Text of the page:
Figure What enables entrepreneurs to influence innovation diffusion

world who think of opportunities as quite structurally determined. For example, the arrival of the internet created a massive opportunity for the delivery of new goods and services more directly to the customer. The management theorist, Michael Porter, is often deemed to fall into this more deterministic camp, for example in using the five forces model to explain why it is that some firms are able to grow.80 However, there are others, such as Edith Penrose, who, before Porter, took a more voluntaristic approach. By this I mean that she did not see opportunities as unmovable, immutable truths, but rather in much the same way as sociologists see the rules and norms in a society - 'all structural properties of social systems are enabling as well as constraining'.81

Before business schools were doing it, Penrose set out in 1959 to explain why some firms grew more quickly and more successfully than others. In doing so she concentrated on the capacities developed by the members of a firm over time and through experience. Not surprisingly, she left a lot of room for the agency of entrepreneurs when it came to translating opportunities into growth:

The set of opportunities for investment and growth that its entrepreneurs and managers perceive is different for every firm, and depends on its specific collection of human and other resources. Moreover, the environment is not something 'out there', fixed and immutable, but can itself be manipulated by the firm to serve its own purposes.82

In short, one entrepreneur may be able to find opportunity where others do not.83 Or put another way, 'different entrepreneurs in the same circumstances might well achieve different results'.84

To be fair, even Porter has recognized that 'outsiders', such as entrepreneurs, may be better placed to exploit emergent opportunities since they 'may possess the different expertise and resources required to compete in a new way'.85 Statements such as this are entirely in line with the thinking of Schumpeter, who proclaimed that:

In most cases only one man or a few men can see the new possibility and are able to cope with the resistances and difficulties which action always meets with outside the ruts of human practice.86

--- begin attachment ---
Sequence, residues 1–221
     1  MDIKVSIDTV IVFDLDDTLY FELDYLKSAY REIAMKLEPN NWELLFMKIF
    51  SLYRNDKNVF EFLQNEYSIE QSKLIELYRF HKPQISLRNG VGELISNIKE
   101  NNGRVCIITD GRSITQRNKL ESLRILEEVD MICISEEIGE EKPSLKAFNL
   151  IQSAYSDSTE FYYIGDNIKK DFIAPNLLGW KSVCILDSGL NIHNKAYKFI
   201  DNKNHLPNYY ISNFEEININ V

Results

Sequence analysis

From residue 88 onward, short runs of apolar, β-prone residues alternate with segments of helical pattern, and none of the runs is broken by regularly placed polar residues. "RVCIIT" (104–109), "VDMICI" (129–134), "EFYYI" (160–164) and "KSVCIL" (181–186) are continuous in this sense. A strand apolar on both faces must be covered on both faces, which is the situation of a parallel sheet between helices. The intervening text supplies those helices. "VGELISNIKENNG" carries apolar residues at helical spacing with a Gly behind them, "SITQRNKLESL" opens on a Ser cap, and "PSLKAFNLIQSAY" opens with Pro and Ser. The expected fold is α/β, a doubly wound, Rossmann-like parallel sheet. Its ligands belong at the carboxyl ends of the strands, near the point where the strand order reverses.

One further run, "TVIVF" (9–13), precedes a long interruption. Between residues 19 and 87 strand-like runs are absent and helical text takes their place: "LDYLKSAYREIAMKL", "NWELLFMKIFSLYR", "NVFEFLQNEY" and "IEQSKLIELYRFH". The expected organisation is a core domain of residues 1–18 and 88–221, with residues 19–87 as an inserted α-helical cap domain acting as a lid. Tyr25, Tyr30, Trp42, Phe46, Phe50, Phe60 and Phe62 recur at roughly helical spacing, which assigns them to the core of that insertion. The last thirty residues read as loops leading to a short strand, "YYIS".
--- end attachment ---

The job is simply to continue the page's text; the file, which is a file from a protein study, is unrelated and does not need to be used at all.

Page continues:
In discussing the capacities of entrepreneurs, and what gives them their powers of creative destruction, Schumpeter placed particular emphasis on entrepreneurial vision, energy and tenacity, rather than on managerial skills.87 Successful innovation, he felt 'is a feat not of intellect, but of will', ultimately reliant on 'supernormal energy and courage'.88 There is indeed some truth to this statement. When you review the early experiences of entrepreneurs who are later successful, they have often had to endure tremendous hardship before seeing their innovations take hold.

Yet in explanations of entrepreneurial performance today, analysts tend to give greater emphasis to managerial capacity rather than pure will. For instance, the relatively high rate of failure for entrepreneurial start-ups is to be explained by the fact that entrepreneurs:

lack the methodology. They violate elementary and well-known rules. This is particularly true of high-tech entrepreneurs. ... But even hightech entrepreneurship need not be high-risk. ... It does need, however, to be systematic. It needs to be managed.89

Recall, for instance, Hughes's 1979 work that found that although Edison made the technological breakthrough, it was Samuel Insull's greater managerial ability that turned Edison's primarily urban-based grid electricity system into a region-wide system. The question, then, is how to account for these managerial capacities.

Analysts of entrepreneurial performance find that 'know-how may be the most critical in influencing the ultimate success or the failure of an enter-prise'.90 Such analysts agree that this quality derives strongly from prior experience and learning by doing.91 Entrepreneurs particularly benefit from prior involvement in well-managed companies.92 Similarly, it has been found that 'repetition', and thus 'an intimate detailed knowledge of the business', greatly improves the chances of success.93 Thus an entrepreneur who spins out of an existing company often has a distinct advantage over an inexperienced entrepreneur in the same sector.94

But entrepreneurs with all the strength of will and managerial capacities in the world will not be able to make a dent in the marketplace if they are not able to harness and mobilize considerable resources.

Internet Entrepreneurship Survival Guide

Internet Entrepreneurship Survival Guide

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